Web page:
When I was in high school, I was all about politics and political history. There was no cooler job in the world than to be a Supreme Court Justice. Think about it–you have the ultimate job security (the justices are appointed for life). You get a great six-figure salary. And (if memory serves me correctly–and it may not), the justices have a private movie theater where they would view movies of a questionable nature–stuff that may over-step the 1st Amendment free speech stuff. I may be wrong about that, but I remember one my history teachers saying something about it. Anyway, once I realized what it would take for that to happen, I quickly abandoned that dream. There are only nine spots on the Supreme Court bench, and most of those seats are filled for decades. You’ve got to be the right person who has the right connections at the right time. No thanks!
Psalm 82 is all about the Ultimate Judge, God, passing judgment on the human judges of ancient Israel. In this short Psalm, we see what is near to God’s heart: the plight of the afflicted and downtrodden. Look what God says to these human judges in Psalm 83:2-4,
How long will you judge unjustly, and show partiality to the wicked? Vindicate the weak and fatherless; do justice to the afflicted and destitute. Rescue the weak and needy; deliver them out of the hand of the wicked.
The author wraps up the psalm by calling on God to judge, not just Israel, but the entire earth–all the nations.
How often are we guilty like these human judges of ignoring the plight of the “less fortunate”? Yeah, we may feel sorry for them, but the feeling goes away (and we probably force it to go away). How many times do we actually see and need and fill it? Not as often as we should. We rationalize. We make excuses. We don’t want the headaches that sometimes come with helping others–we have to sacrifice time, resources, and effort… often without thanks, and often without seeing the results we hope for. So why bother?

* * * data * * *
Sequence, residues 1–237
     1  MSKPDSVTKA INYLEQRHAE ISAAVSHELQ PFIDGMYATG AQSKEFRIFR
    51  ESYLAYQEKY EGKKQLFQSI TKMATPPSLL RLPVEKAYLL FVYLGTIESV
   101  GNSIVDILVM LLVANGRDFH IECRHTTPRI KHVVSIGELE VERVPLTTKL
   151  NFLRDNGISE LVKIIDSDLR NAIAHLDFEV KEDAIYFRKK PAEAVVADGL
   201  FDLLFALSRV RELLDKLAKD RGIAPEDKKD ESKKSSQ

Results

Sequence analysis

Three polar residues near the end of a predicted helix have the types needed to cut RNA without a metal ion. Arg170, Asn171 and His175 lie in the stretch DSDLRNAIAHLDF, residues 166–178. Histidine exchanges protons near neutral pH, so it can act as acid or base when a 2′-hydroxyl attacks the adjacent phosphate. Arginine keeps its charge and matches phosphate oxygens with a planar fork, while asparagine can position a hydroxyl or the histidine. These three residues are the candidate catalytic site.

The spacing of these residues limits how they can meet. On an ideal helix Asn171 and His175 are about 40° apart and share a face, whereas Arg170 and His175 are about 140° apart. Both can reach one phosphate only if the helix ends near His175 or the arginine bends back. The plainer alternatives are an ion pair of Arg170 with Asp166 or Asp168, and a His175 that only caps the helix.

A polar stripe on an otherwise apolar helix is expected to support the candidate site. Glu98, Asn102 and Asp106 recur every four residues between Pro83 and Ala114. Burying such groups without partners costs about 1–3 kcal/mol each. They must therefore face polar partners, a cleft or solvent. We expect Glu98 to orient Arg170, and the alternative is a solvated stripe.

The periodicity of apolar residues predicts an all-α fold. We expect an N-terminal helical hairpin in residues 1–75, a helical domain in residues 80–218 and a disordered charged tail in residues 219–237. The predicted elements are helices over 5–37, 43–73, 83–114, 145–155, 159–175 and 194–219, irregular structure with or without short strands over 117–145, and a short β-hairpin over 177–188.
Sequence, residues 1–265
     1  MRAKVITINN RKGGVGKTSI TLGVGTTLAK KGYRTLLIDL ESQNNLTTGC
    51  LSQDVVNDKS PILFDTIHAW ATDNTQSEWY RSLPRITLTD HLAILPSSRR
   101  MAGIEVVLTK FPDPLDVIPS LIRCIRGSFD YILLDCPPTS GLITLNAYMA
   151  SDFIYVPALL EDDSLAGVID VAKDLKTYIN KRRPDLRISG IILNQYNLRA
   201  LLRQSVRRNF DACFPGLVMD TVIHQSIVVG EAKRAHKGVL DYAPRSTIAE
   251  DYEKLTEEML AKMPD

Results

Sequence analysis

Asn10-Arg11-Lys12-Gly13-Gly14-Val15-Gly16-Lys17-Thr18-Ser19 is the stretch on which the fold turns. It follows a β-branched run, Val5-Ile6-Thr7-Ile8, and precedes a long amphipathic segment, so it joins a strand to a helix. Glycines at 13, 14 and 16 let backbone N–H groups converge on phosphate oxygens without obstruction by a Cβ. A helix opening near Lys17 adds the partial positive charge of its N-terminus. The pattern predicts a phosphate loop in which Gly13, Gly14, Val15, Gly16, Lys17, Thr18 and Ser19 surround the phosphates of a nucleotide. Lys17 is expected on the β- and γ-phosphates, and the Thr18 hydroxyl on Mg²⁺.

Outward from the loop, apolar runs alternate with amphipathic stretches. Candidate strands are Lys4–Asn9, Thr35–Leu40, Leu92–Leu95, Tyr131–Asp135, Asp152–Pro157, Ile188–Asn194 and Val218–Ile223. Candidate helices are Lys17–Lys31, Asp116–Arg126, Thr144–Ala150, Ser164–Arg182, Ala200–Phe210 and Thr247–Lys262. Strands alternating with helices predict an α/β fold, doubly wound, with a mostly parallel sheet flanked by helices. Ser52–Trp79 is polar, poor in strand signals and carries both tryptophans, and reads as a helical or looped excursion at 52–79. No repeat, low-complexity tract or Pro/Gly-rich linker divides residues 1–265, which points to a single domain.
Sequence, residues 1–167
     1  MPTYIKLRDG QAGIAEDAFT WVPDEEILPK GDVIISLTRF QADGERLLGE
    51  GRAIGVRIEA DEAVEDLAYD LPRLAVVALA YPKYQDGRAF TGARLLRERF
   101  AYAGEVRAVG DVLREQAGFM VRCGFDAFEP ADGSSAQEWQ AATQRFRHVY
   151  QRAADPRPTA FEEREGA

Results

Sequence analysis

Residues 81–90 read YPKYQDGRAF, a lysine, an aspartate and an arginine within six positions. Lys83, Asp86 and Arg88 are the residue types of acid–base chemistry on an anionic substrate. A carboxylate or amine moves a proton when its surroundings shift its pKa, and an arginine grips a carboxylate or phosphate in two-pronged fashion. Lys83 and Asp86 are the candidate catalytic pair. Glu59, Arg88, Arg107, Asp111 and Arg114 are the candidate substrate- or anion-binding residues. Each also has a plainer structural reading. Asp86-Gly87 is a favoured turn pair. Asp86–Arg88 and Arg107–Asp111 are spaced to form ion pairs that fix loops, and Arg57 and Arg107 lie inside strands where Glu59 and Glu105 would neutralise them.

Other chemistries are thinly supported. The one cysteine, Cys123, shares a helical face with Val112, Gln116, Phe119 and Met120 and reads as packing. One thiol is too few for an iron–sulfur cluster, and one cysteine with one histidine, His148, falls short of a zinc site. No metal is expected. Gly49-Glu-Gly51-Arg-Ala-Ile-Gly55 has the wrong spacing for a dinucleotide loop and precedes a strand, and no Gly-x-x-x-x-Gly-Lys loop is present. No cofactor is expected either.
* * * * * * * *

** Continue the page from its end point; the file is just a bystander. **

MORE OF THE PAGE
Because God says to bother…
Jesus showed compassion like no other, and people often turned away from Him when He made the jump from the physical need to the spiritual need. It never stopped Him. The greatest act of compassion was the cross. As a follower of Jesus, I’m called to carry my own cross… part of which is developing and showing Christ-like compassion for others.
In a response to a comment I left on his blog, author Bob Roberts, Jr. (author of The Multiplying Church) encouraged me to “find those who are hurting most” and serve them. What an awesome challenge. As representatives of the Ultimate Supreme Court, that’s our job–to reflect His heart for the hurting, to step into their mess, and help by showing them how much Jesus loves them.